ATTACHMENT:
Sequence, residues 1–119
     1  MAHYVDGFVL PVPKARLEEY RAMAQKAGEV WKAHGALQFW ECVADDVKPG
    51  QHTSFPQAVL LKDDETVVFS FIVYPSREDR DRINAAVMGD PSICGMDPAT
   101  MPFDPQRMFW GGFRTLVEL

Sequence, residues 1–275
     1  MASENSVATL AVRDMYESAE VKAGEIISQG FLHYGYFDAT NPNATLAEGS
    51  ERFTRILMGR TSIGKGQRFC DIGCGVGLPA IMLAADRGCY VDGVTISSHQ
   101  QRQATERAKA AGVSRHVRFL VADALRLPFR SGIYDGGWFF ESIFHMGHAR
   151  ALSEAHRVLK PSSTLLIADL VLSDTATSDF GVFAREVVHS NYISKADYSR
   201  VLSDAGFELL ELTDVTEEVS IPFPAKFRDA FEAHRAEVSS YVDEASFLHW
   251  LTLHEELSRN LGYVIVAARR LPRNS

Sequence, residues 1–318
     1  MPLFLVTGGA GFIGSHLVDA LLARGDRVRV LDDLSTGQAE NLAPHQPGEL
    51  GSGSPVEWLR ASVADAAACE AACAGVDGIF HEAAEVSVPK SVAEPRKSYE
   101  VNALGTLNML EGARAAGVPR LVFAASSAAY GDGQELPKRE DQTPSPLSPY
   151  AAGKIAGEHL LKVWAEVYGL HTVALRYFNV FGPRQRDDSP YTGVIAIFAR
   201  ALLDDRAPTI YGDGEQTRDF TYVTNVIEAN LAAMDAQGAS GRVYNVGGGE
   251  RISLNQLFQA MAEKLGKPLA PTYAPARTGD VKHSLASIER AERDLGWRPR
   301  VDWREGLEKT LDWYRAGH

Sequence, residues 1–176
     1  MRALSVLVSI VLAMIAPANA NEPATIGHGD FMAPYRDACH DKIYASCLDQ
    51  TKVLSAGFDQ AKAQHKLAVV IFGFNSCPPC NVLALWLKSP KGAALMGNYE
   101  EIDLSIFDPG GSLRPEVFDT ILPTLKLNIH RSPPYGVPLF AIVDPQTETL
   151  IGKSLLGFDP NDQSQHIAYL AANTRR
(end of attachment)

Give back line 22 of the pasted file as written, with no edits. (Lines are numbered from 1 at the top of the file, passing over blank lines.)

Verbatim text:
    51  TKVLSAGFDQ AKAQHKLAVV IFGFNSCPPC NVLALWLKSP KGAALMGNYE